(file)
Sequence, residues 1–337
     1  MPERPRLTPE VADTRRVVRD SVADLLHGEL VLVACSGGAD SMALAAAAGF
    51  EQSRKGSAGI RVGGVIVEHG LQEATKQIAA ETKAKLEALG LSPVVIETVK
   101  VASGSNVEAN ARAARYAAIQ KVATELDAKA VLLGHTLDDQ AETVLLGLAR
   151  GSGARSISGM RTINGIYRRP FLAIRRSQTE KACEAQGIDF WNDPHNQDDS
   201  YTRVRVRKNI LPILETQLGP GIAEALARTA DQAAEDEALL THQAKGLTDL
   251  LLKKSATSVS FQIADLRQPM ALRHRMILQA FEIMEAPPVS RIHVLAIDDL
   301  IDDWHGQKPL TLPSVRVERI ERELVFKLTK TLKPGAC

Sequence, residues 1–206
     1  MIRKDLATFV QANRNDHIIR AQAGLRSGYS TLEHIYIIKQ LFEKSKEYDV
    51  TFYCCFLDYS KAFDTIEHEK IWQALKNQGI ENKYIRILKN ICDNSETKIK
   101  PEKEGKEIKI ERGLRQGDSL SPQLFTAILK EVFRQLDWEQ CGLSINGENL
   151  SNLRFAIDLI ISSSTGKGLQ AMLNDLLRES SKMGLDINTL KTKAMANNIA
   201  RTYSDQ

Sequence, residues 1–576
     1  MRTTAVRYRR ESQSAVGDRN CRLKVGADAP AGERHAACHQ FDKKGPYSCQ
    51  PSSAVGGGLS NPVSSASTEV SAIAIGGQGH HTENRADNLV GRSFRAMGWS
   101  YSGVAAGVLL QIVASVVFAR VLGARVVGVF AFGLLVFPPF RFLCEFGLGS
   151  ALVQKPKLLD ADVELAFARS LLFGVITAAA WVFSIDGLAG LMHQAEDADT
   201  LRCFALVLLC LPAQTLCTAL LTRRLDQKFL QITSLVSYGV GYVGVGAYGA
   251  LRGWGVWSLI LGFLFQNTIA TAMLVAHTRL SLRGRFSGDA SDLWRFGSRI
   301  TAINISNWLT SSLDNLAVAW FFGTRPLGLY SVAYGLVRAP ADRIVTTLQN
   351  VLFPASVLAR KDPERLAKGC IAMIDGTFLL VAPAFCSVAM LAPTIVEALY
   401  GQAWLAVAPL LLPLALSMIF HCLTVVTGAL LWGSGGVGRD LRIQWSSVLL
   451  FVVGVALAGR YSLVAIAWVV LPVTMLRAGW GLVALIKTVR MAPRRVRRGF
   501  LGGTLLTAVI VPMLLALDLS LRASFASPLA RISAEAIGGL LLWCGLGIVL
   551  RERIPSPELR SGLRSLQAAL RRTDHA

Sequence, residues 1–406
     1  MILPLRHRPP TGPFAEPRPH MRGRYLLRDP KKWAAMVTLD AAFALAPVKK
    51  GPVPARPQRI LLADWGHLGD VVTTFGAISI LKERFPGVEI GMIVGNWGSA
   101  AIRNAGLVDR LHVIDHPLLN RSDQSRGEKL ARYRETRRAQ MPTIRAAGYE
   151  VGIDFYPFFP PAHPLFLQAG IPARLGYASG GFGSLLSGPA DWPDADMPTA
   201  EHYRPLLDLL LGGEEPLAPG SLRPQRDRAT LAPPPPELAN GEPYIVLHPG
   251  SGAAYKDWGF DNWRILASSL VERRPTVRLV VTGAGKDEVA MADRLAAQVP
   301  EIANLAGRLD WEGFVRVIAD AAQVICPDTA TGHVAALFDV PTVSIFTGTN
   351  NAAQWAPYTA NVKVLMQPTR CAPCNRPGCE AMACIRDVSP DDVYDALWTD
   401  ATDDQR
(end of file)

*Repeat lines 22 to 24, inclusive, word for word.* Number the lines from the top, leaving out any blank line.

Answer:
   301  TAINISNWLT SSLDNLAVAW FFGTRPLGLY SVAYGLVRAP ADRIVTTLQN
   351  VLFPASVLAR KDPERLAKGC IAMIDGTFLL VAPAFCSVAM LAPTIVEALY
   401  GQAWLAVAPL LLPLALSMIF HCLTVVTGAL LWGSGGVGRD LRIQWSSVLL